Cages to Miniature Landscapes – The History of Zoos in Europe.
The history of zoos is long and varied. European cities began exhibiting exotic animals systematically in the second half of the 19th century. With their rows of individual cages, these “zoological gardens” more resembled oversized insect collections. In Hamburg in 1907, Carl Hagenbeck was the first to attempt natural landscapes and open-air enclosures. However, not enough was known about the wild animals (most acquired illegally) and their specific needs. The result: many animals died miserably, and breeding was out of the question. The next step was taken in Basle in the 1950’s. On the basis of biological studies, Zoo Director Heini Hediger called for a completely new zoo concept. Variety in the animals’ routine and stimulating furnishings in the enclosures – these were measures to avoid conspicuous behavioral disorders in the captive animals. For about twenty years, these modern “zoo landscapes” have prevailed in zoo planning. They offer the most faithfully reproduced climate zones possible, “adventure paths” for visitors, areas where the animals can be alone, and computer-controlled feeding boxes to simulate “real hunting experiences.” Whether or not the animals are really happy and healthy in these miniature landscapes still remains a controversial debate.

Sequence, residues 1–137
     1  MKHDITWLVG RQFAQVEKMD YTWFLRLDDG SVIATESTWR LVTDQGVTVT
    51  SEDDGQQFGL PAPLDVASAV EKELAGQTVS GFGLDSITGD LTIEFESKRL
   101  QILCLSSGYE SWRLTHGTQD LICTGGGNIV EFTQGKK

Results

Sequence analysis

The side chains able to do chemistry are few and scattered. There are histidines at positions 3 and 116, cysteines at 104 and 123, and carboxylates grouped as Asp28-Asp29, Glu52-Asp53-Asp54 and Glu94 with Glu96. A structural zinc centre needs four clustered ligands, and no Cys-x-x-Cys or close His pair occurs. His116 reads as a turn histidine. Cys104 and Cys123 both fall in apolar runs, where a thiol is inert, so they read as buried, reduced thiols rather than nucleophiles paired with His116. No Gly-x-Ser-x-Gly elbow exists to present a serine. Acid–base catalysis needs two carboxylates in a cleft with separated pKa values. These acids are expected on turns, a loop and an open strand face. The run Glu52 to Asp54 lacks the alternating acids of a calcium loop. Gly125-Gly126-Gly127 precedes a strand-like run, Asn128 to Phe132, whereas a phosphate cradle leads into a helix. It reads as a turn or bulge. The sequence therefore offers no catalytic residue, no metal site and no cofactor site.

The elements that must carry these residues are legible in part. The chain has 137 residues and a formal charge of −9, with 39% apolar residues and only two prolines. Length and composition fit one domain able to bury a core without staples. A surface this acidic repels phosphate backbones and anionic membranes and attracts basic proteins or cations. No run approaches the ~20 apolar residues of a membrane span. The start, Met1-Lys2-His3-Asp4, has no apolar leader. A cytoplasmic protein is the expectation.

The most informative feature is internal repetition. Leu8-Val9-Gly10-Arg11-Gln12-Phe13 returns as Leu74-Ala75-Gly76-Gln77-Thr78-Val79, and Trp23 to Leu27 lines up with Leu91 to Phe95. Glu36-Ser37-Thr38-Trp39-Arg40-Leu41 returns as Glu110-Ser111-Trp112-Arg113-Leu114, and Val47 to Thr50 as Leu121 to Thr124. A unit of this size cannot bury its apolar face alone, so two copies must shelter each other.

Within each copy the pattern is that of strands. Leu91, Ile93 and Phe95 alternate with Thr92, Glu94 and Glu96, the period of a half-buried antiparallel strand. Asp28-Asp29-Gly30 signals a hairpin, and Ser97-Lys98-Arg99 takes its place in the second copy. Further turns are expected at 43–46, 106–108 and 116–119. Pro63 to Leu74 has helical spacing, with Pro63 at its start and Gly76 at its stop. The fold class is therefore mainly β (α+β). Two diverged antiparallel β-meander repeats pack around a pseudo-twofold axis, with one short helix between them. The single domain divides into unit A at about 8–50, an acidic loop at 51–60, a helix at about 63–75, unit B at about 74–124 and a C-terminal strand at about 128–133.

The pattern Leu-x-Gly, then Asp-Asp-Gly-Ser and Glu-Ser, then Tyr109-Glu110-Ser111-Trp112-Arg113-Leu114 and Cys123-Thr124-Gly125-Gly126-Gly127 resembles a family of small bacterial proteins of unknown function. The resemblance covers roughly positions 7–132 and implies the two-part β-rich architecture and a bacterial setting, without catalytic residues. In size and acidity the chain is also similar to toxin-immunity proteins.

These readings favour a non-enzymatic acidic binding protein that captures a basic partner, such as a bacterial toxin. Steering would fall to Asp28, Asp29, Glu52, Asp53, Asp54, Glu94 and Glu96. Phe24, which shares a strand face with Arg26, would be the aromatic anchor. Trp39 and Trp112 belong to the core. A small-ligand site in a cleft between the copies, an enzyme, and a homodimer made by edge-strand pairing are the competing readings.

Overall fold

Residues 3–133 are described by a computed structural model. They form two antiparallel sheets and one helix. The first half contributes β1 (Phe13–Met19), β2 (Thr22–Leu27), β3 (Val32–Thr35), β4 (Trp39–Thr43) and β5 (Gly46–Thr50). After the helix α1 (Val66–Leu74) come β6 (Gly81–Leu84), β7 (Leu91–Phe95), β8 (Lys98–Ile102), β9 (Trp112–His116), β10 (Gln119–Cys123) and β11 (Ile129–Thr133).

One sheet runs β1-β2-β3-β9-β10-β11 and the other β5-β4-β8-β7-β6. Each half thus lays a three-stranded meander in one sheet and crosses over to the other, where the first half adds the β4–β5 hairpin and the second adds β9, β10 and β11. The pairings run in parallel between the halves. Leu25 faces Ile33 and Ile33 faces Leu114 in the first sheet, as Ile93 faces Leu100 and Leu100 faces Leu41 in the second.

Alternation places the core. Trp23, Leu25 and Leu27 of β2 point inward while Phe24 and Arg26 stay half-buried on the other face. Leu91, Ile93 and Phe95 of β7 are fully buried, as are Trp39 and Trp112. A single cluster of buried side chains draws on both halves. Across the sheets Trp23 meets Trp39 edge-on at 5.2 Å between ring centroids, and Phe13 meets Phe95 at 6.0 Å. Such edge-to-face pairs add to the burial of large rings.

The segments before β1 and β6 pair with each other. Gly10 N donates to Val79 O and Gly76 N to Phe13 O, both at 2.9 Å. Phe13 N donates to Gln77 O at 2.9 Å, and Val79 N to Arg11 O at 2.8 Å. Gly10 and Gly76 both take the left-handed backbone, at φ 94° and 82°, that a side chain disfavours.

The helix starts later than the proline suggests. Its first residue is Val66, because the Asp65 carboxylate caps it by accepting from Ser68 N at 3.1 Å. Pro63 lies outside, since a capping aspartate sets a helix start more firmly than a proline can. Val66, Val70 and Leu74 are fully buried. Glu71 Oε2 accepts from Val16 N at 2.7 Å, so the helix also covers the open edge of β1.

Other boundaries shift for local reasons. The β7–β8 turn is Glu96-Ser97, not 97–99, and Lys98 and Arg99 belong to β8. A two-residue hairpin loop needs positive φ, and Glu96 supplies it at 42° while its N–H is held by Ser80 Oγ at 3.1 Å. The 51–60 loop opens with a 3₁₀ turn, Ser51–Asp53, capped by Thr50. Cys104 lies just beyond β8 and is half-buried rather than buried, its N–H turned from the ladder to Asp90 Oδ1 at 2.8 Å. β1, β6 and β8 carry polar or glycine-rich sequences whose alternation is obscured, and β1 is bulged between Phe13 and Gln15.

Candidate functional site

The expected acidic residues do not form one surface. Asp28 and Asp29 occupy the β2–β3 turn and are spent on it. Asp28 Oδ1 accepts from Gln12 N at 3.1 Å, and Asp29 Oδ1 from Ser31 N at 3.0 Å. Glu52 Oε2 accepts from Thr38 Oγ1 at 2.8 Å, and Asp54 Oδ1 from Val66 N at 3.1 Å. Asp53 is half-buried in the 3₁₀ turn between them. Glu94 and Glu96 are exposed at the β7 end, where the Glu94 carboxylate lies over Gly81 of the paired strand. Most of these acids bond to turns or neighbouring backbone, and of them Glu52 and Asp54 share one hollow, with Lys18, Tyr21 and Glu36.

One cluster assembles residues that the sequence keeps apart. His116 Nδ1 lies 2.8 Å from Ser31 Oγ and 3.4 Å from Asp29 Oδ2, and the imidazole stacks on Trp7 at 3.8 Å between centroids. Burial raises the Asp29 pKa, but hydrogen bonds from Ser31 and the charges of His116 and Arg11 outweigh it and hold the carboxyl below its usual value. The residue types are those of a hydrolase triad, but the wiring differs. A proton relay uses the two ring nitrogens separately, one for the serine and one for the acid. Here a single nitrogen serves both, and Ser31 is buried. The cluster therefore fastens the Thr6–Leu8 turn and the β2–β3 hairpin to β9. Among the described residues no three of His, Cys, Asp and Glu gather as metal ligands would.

|Broadcast date:||am 06.06.03, arte 01.01.2004|
|Written and directed by:||Marcus Fischötter|
|Executive producer:||Hartmut Klenke|
|Filming location:||Leipzig, Hannover, Hamburg, Antwerpen, Wien|